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Sitdown Sunday: The secret world of the mysterious Enya

The very best of the week’s writing from around the web.

IT’S A DAY of rest, and you may be in the mood for a quiet corner and a comfy chair.

We’ve hand-picked the week’s best reads for you to savour.

1. The years of living dangerously

syrian comic Source: Mother Jones

Didn’t know about the links between Syria’s conflict and climate change? This comic, written by Audrey Quinn and illustrated by Jackie Roche, will fill you in.

(Mother Jones, approx 10 mins reading time)

President Bashar al-Assad offered little help. His government awarded well rights along political lines, so farmers had to drill their own illegal wells. And people who spoke out against him regularly faced imprisonment, torture and even death.

2. Enya’s kingdom

Enya Portrait Session Source: AP/Press Association Images

Enya is one of Ireland’s most famous singers, but rarely do you get a glimpse into her personal life. Buzzfeed (lucky them) got to visit her in her Manderley estate, and here’s what they discovered.

(Buzzfeed, approx 30 mins reading time)

There are no photos of Enya in pants, or without the makeup that emphasizes her alabaster skin and dark, pooling eyes. Her look, like her sound, is markedly different from the norms of musical celebrity: her pitch black hair trimmed short, her clothes Arthurian. On her album covers, Enya’s always posed against a backdrop of nature or old regency; the cover of her 1988 breakthrough album Watermark renders her the subject of an impressionist painting.

3. Anguish and escape

Mideast Islamic State File photo Source: AP/Press Association Images

Three former Isis women, who were members of its morality police, tell their stories of being trapped, and how they escaped.

(New York Times, approx 32 mins reading time)

Dua sat back down and watched as the other officers took the women into a back room to be whipped. When they removed their face-concealing niqabs, her friends were also found to be wearing makeup. It was 20 lashes for the abaya offense, five for the makeup, and another five for not being meek enough when detained.

4. The problem with ‘quick’ recipes

shutterstock_250750660 Source: Shutterstock/Milles Studio

If you’re baffled by the phrase ‘easy cooking’, and find yourself spending too much time making ‘quick’ recipes, or just eating cheese toasties at night, this essay is for you.

(The Atlantic, approx 17 mins reading time)

The problem is that none of this actually easy. Not the one-minute pie dough or the quick kale chips or the idiot-proof Massaman curry, every last ounce of which is made from scratch, from ingredients that are sourced and bought and lugged home and washed, peeled, chopped, mixed, and cooked. Meanwhile, technology has made appetising, affordable cooking alternatives easier and easier to come by.

5. A life out of the spotlight

UMass-Gordon Basketball Source: AP/Press Association Images

Derrick Gordon made history by becoming the first openly gay player in Division I men’s basketball. Here’s what happened afterwards.

(ESPN, approx 27 mins reading time)

Gordon soon realised, however, that a picture he’d Instagrammed earlier that night had inadvertently been geo-tagged, triggering the teammate’s question. Weeks later, the locker room also discovered that Gordon had liked an Instagram photo in which he was posing alongside a man who was, as the team suspected, his boyfriend at the time. When confronted, Gordon repeatedly denied he was gay. “I’ve never run away before,” he says. “But that’s the time I really wanted to.”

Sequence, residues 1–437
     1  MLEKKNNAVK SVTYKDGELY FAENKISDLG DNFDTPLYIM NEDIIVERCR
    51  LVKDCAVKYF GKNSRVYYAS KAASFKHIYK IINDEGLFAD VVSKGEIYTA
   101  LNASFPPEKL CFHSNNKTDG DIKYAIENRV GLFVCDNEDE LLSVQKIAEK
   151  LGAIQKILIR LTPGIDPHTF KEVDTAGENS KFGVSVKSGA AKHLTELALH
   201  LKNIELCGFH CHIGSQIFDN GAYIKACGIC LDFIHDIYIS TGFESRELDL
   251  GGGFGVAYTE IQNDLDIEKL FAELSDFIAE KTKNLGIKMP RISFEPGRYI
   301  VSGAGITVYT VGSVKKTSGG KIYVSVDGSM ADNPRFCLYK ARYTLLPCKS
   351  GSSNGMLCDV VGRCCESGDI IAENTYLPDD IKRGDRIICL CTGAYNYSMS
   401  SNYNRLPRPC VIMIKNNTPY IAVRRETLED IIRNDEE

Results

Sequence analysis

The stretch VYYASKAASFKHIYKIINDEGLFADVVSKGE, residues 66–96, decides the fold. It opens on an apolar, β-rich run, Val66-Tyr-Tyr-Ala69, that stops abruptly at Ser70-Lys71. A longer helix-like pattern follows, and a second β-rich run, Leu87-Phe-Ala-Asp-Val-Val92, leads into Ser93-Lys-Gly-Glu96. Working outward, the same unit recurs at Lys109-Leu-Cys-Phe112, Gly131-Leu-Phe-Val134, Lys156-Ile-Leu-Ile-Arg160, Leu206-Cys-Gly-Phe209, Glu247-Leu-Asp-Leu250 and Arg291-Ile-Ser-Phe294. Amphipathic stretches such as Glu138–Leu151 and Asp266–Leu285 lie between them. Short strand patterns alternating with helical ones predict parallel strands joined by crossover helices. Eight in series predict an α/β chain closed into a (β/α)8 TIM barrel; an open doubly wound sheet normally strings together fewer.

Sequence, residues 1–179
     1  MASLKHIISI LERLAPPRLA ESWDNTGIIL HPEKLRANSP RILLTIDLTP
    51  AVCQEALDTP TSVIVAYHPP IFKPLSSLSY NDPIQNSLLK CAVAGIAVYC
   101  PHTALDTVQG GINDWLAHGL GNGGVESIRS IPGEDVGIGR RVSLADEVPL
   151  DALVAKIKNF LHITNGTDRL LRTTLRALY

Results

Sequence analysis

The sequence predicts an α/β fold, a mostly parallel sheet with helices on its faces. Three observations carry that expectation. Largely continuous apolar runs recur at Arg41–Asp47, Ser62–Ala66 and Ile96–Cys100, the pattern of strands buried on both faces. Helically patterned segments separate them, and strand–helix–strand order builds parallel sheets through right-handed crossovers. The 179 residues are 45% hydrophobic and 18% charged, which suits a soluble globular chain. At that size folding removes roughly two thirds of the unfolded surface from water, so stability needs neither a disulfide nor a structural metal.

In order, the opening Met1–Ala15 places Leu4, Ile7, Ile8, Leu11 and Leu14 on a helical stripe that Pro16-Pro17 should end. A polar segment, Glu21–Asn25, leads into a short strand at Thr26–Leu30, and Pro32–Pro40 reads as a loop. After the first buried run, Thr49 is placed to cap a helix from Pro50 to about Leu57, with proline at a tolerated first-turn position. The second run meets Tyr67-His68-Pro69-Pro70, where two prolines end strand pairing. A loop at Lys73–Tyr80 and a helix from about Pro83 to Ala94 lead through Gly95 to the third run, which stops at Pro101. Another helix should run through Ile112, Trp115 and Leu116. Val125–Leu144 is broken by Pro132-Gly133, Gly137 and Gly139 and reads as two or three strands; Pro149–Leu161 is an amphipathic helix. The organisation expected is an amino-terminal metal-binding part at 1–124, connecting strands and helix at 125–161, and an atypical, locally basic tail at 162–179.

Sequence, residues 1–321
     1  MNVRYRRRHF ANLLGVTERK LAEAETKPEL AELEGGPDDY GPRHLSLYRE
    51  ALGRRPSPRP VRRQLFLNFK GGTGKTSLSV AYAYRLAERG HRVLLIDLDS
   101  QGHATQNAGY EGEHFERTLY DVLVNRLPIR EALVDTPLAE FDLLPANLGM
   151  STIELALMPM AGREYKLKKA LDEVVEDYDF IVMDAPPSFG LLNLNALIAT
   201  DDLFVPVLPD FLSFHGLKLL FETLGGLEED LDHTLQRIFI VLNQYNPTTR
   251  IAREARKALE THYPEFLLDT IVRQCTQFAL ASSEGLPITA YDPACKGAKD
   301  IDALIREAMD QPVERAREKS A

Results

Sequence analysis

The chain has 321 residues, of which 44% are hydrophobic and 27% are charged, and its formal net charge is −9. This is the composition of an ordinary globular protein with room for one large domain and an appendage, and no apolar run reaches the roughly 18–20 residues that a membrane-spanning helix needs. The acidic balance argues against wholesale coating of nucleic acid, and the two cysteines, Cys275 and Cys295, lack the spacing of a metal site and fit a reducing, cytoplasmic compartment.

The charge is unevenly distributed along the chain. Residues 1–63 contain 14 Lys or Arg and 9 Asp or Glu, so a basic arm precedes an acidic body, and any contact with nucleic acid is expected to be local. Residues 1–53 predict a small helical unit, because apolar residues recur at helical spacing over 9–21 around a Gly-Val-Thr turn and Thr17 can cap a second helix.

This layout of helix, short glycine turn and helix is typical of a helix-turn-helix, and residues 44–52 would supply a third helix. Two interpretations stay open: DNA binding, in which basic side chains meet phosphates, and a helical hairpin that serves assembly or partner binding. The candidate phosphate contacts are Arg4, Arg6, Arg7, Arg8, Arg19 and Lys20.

6. Tracy Morgan’s comeback

YE New Jerseys Big Stories Source: AP/Press Association Images

Actor and comedian Tracy Morgan was involved in a serious car accident last year, which left him with head trauma, temporary blindness and depression. But now, things are looking up.

(GQ, approx 17 mins reading time)

Did you learn something in the recovery process that hadn’t occurred to you before?
Yeah: People care. People care a lot, that’s what I learned. People care. There’s so much negativity in the world that sometimes you feel like you could give up, and I had people who took care of me after the accident, and they never let me go. I feel it nowadays when I’m in the streets, when people say, “We love you. We miss you. We pray for you. We are so thankful that you’re on your feet.”

… AND A CLASSIC FROM THE ARCHIVES…

shutterstock_141915040 Source: Shutterstock/Stokkete

In the 1960s and 70s, oral historian and radio broadcaster Studs Terkel met women doing a variety of jobs around the US. Here’s what they told him about their lives.

(Longform, approx 23 mins reading time)

I think what we had to work for. I used to work for $1.50 a week. This is five days a week, sometimes six. If you live in the servant quarter, your time is never off, because if they decide to have a party at night, you gotta come out. My grandmother, I remember when she used to work, we’d get milk and a pound of butter, I mean this was pay. I’m thinkin’ about what my poor parents worked for, gettin’ nothing. What do the white think about when they think? Do they ever think about what they would do?

More: The best reads from every previous Sitdown Sunday >

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